The direction (although not the magnitude) of our findings could hardly be considered surprising. One would readily anticipate that biomedical research would form the greatest quantum of work in the field that is specifically disease focussed. That the social sciences contribution is only 2.1%, however, is confronting evidence of how inconsequential the social sciences are considered to be for understanding and managing these NTDs. Unfortunately, even among that 2.1%, significant amounts of research that were abstracted as associated with the social sciences, clearly were not. For instance, 5 out of the total of 7 "social sciences" research papers in the visceral leishmaniasis literature, were clearly unrelated to the social sciences. In the dengue literature, over 40% of the 74 purportedly social sciences research papers could be excluded on the basis of the title and abstracts alone, with a number of the remaining papers appearing not, or barely, to be social science related.

Things deteriorate on further examination. The figure of 2.1% combined the "pure" social sciences research with the cross disciplinary social and biomedical sciences research. This of course is inflated, because the incorrectly identified social science papers have not been excluded. If one disaggregates the cross disciplinary research and the "pure" social sciences research, the contributions were around 1% and 1.1% of the research literature, respectively.

One might counter that the social scientists are more likely to publish book chapters and books that may not be counted in this process. This is true. However, the approach we have taken to investigating the extent of the literature is also the kind of approach that

We would argue that, for the reasons previously identified, the social sciences, in and of themselves, have important contributions to make to NTDs research. Nonetheless, putting this notion aside, we focus on the cross disciplinary research. It is through inter-disciplinary (and to a lesser extent multi-disciplinary) research that the dynamic interplay between the vector, the host, and the pathogen within a social, cultural, physical and biological context can be understood. This would appear to be central to understanding and managing NTDs. Notwithstanding the importance of understanding NTDs as a dynamic process, the cross-disciplinary research accounts for barely 1% of the literature.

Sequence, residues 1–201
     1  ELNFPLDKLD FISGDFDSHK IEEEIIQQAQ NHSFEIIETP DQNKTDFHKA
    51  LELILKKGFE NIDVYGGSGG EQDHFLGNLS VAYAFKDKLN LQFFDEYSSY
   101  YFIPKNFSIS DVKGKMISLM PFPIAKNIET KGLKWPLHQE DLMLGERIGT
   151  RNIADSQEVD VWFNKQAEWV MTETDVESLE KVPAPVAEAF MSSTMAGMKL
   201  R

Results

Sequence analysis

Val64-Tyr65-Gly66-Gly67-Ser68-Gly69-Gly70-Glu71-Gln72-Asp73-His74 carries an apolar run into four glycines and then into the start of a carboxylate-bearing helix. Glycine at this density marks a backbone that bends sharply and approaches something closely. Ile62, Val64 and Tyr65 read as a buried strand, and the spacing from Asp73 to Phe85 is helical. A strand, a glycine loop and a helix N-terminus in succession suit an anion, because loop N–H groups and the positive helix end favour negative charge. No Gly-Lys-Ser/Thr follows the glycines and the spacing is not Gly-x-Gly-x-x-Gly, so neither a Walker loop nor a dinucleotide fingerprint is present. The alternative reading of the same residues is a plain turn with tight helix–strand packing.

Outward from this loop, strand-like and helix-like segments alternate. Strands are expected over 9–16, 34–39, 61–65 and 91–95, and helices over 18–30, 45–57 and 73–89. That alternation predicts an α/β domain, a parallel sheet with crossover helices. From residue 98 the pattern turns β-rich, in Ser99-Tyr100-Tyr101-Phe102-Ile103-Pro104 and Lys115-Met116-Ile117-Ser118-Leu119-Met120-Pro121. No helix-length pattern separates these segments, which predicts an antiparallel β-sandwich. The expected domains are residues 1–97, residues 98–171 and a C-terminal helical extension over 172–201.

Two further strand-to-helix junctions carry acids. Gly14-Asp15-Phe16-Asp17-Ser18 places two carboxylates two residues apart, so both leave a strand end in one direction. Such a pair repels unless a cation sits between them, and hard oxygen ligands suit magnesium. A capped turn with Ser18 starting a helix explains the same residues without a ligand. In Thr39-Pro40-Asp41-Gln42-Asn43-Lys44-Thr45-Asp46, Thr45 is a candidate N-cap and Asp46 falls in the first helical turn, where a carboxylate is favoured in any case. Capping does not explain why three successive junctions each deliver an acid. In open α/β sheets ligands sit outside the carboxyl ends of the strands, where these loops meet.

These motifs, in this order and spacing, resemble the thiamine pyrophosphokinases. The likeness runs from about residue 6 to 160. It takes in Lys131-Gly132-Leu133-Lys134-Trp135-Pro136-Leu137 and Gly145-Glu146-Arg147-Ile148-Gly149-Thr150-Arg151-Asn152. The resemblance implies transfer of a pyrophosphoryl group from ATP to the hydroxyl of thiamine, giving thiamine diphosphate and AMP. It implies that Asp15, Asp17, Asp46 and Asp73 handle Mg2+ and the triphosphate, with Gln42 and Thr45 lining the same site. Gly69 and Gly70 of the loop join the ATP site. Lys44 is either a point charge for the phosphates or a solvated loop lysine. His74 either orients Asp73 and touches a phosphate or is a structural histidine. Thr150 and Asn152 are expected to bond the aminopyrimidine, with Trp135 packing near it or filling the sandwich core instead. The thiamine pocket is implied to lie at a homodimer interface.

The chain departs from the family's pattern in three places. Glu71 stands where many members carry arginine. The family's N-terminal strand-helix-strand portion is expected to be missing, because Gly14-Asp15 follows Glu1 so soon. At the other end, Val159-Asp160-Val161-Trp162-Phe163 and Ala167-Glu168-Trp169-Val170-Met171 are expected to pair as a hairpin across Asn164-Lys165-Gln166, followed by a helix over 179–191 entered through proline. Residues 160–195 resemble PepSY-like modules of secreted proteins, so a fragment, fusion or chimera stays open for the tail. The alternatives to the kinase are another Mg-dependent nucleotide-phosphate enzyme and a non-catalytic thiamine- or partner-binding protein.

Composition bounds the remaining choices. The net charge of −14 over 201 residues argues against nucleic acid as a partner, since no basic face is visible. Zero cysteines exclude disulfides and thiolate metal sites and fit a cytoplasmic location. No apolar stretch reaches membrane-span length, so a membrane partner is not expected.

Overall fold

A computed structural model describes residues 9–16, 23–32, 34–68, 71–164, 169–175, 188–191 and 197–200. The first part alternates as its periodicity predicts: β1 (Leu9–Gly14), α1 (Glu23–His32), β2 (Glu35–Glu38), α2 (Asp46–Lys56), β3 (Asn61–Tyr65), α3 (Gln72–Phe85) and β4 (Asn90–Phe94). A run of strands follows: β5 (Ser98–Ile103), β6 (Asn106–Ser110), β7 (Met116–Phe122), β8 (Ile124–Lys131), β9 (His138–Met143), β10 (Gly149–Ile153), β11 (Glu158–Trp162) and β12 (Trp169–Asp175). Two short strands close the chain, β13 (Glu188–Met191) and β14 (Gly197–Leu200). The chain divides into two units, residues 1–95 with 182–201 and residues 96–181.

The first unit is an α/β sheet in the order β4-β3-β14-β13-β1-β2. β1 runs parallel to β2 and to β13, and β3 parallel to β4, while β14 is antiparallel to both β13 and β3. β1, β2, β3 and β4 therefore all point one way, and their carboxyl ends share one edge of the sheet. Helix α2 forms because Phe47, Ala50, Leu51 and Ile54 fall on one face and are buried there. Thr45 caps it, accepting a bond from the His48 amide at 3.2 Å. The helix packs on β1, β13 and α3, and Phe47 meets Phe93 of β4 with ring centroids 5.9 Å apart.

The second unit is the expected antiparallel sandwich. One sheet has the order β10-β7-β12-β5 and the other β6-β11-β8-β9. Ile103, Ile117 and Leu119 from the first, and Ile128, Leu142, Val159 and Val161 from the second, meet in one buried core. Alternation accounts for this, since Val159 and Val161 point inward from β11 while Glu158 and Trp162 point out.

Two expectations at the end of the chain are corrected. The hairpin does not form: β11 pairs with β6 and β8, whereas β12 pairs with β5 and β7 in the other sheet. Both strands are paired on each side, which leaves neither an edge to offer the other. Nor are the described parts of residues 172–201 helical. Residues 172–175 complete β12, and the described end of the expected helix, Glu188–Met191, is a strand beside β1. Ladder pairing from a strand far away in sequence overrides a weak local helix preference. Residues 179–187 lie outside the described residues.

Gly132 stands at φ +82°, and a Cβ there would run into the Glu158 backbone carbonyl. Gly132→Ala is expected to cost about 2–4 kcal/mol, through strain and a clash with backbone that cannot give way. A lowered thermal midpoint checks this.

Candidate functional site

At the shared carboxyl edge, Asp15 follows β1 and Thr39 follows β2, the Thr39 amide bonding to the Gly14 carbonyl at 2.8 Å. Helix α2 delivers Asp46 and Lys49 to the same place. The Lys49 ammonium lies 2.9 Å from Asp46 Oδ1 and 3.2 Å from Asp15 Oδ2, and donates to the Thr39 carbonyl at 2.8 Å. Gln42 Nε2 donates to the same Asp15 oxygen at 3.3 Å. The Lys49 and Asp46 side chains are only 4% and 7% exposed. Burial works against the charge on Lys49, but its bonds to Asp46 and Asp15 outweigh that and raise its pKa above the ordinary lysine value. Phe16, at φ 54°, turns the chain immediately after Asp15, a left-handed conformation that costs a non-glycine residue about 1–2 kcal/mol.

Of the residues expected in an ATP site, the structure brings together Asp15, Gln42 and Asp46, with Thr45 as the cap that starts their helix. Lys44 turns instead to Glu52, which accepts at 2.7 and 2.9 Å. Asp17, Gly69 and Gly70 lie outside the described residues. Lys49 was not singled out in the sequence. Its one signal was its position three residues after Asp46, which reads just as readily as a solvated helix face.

Where cross disciplinary research does occur, much of it is programmatic evaluation of the kind common in the onchocercal literature (e.g., [69, 73]) or fairly rudimentary risk factors research (e.g., [57, 58]). Programmatic evaluation is important, but it is also likely to constitute "hand maiden" research designed to support (and never challenge) the curative activities of biomedical research. If one of the core ideas underpinning scientific research is that it should challenge and confront existing dogma4, then this kind of adjuvant research, though utilitarian, does not contribute to the advancement of science because it is intended to support the activities of a dominant paradigm5. This is not to say that programmatic research cannot be, or is not, important. Indeed we (DDR and PA) have argued elsewhere that implementation research is critical [26], but it should not simply be about the identification of bottlenecks to programme delivery, but about generating new science. Parker and Allen in this series [31] provide a detailed case-study and discussion of the dangers associated with social science research as adjuvant research for biomedicine.